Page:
As a bloc, we have promoted economic innovation. Internal investment has been encouraged and an easier crossflow of labour and a closer customs union have been provided for. Since the GCC Customs Union was launched in 2003, for example, trade between member states has increased by nearly 200%, or more than 20% per year, from $30bn in 2002 to over $90bn in 2011. Similarly, with the GCC Common Market launch in 2008, investors have equal access to markets across the GCC and have the right to engage in any economic activity within the council. As a result, intra-GCC investments have jumped by nearly 50% and the movement of people between member states has also increased significantly.
Steps have been taken towards creating a tighter market and fiscal union and further integration is provided for through schemes like a trans-GCC railway system and interlinked power grids. We are moving toward achieving GCC economic citizenship.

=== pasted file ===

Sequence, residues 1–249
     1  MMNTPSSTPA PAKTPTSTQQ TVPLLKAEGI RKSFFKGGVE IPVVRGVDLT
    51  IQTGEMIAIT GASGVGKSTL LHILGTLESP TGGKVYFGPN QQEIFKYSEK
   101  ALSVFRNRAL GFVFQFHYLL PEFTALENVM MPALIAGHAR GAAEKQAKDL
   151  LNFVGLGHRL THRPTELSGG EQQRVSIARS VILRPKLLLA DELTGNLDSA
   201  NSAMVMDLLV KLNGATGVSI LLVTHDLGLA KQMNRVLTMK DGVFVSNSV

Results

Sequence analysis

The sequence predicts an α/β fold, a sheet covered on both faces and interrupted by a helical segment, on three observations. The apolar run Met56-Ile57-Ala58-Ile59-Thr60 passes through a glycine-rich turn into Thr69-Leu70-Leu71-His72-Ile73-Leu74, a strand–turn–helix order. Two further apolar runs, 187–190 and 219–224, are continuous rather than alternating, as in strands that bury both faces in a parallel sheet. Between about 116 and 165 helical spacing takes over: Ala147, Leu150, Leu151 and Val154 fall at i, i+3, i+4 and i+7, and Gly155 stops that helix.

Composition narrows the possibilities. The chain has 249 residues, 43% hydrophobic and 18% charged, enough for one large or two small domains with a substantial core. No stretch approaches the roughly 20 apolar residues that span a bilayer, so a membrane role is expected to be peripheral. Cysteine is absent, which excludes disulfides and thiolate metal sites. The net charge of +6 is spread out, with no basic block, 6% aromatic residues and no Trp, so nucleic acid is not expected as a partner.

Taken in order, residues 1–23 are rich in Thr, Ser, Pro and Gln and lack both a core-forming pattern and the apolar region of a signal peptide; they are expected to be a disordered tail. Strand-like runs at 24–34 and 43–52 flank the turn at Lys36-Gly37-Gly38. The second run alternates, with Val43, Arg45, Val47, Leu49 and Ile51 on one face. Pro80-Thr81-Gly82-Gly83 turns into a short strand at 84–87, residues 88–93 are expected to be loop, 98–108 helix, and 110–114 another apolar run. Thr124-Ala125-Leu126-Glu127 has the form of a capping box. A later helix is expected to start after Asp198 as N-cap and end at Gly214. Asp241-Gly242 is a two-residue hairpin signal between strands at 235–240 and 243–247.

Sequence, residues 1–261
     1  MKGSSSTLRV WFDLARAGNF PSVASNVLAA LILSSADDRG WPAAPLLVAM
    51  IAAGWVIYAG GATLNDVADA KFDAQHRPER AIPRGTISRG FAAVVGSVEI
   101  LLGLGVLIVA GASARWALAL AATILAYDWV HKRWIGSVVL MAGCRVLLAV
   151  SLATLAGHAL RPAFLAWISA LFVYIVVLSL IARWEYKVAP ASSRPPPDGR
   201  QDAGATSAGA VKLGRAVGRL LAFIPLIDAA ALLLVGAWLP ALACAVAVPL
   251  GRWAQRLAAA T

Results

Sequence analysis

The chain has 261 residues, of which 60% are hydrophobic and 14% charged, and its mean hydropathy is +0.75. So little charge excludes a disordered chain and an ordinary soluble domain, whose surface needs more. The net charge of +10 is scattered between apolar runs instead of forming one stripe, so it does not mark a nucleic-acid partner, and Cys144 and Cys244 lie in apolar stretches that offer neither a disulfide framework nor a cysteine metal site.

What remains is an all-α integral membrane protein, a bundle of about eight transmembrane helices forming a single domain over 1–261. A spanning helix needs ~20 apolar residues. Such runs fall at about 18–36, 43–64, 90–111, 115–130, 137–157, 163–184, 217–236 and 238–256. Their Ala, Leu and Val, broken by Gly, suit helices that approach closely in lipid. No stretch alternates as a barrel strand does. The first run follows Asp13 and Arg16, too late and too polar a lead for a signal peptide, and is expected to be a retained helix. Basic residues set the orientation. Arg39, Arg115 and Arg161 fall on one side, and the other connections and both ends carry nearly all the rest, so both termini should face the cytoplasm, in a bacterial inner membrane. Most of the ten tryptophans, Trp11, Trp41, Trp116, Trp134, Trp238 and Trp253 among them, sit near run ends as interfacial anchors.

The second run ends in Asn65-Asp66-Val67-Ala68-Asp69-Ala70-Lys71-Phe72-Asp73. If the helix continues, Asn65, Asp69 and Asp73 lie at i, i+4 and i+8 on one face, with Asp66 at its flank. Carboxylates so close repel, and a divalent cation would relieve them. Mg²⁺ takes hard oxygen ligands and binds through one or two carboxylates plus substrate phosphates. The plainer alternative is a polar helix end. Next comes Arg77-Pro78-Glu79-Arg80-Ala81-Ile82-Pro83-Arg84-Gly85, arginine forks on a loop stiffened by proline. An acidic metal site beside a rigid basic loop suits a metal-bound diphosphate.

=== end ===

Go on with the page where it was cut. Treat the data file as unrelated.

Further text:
Our third strategic goal, to encourage and maintain a high level of human development, directly affects every other goal in a social, political, economic and security sense. It covers all aspects of improving standards of living: eradicating unemployment, creating opportunities for youth, and providing high-quality education, health care, housing and community services. Member states aspire to see development processes and political systems which serve to elevate and fulfil the wishes and needs of their people, with citizens from all levels of society feeling that they have been provided with unsurpassed advantages and benefits and a high quality of life.
At the GCC level, under Common Market rules, social and welfare development has been expanded across borders. GCC citizens now have the right to equal treatment in all member states when seeking education and medical care or accessing social services.